REVELATION by Richard D. Phillips [ Reformed Expository Commentary Series] – P & R Publishing (2017)
Richard Phillips’ commentary REVELATION is the newest volume in the “Reformed Expository Commentary” series by P & R Publishing. The design of the series of this wonderfully helpful series is to be biblical in exposition, doctrinal (in line with the Westminster Confession of Faith, etc.), redemptive-historical in orientation, and utterly practical in application. With that goal, pastor-theologian Richard Phillips has produced a very complete (over 700 pages), yet thoroughly accessible and practical commentary.
Of course, the book of Revelation itself is probably the most difficult book to understand and interpret out of the entire Bible — leading to several schools of interpretation and innumerable commentaries (both very good and very bad) that attempt to make sense of this vital yet challenging book for the church today. Phillips handles this task with aplomb and an even-handed approach. Although he comes down thoroughly in the camp of those interpreters who see the book as a message of hope to John’s immediate audience in a time of rising persecution and difficulty, but also as a symbolic description of the entire church (from Christ’s ascension to His Second Coming and the end of history). Phillips addresses all the main schools of interpretation in a fair-minded manner, but is clear in his opinion that Revelation is symbolic of all churches and events that are present in this world between the first and second Advents of Christ, with the over-arching theme that God is completely sovereign over the entire universe, of history, and of all people and events in the earth; and His plan of redemption is assured and nonrevocable.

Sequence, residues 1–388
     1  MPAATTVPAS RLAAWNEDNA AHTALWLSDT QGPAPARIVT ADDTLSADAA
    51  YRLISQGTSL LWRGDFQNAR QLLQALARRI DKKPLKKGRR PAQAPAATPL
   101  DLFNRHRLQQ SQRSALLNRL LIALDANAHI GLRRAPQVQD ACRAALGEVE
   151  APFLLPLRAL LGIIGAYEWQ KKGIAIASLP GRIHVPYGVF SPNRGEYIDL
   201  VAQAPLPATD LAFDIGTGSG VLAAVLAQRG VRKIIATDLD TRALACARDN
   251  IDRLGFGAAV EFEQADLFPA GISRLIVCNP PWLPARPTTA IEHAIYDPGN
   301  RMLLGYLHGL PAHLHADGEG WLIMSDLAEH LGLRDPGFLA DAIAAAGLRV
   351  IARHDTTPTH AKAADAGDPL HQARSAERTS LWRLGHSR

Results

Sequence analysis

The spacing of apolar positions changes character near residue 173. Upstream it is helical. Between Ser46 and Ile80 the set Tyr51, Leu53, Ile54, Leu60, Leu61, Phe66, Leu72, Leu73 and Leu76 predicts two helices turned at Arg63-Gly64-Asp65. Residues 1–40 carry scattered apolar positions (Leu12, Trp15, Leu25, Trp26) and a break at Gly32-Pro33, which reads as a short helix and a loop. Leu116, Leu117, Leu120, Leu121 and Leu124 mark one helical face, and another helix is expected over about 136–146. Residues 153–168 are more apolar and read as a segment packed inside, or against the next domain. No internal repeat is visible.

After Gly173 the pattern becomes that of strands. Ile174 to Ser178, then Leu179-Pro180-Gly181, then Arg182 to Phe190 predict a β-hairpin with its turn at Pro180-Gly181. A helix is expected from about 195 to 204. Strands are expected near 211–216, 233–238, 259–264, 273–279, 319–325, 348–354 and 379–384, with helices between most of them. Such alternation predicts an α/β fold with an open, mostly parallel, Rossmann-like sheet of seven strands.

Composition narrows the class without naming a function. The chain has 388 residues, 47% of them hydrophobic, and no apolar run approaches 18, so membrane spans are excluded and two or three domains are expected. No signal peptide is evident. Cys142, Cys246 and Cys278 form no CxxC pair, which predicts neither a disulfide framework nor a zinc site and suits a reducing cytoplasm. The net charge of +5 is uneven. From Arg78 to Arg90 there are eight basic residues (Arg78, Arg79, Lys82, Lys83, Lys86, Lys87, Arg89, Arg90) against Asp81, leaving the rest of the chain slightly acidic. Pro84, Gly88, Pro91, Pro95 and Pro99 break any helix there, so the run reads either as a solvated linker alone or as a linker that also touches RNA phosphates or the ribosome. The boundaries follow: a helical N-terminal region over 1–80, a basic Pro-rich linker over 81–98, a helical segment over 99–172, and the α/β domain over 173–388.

This book is written primarily for pastors who do not want to slog through lengthy and pithier works that spend an abundance of print on minutia of etymology and addressing critical commentaries. Rather, it is meant to give pastors a wealth of information and illustrations that will aid in both understanding and communication truths to their congregations. At the same time, many laymen would be strongly encouraged by me to bypass any of the more sensational works that are questionable (to put it kindly) in their exegesis and presuppositions, and to obtain a copy of this commentary for their libraries.